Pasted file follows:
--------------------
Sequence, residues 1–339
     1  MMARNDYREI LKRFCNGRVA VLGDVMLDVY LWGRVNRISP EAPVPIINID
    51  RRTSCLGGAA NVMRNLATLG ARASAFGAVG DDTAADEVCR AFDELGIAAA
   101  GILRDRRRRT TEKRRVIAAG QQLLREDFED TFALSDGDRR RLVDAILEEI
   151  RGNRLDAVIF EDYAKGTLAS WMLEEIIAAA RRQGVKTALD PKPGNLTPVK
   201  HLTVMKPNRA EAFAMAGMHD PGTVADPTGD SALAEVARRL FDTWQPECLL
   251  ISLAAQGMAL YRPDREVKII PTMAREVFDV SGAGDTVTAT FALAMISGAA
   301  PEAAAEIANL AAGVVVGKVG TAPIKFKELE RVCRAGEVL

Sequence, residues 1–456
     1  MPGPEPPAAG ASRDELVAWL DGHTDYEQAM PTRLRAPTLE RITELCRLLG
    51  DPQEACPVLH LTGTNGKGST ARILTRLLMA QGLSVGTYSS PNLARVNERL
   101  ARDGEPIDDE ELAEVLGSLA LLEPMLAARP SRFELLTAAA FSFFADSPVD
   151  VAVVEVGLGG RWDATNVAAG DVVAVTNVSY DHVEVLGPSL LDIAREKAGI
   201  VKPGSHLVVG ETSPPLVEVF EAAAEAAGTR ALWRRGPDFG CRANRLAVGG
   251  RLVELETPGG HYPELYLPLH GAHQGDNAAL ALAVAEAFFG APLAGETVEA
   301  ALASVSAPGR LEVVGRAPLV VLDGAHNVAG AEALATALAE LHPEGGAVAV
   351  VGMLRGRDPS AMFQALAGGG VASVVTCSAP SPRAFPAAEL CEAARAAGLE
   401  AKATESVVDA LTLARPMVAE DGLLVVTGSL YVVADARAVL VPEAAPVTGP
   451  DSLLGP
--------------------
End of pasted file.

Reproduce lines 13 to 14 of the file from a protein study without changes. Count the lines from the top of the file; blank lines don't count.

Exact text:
   151  VAVVEVGLGG RWDATNVAAG DVVAVTNVSY DHVEVLGPSL LDIAREKAGI
   201  VKPGSHLVVG ETSPPLVEVF EAAAEAAGTR ALWRRGPDFG CRANRLAVGG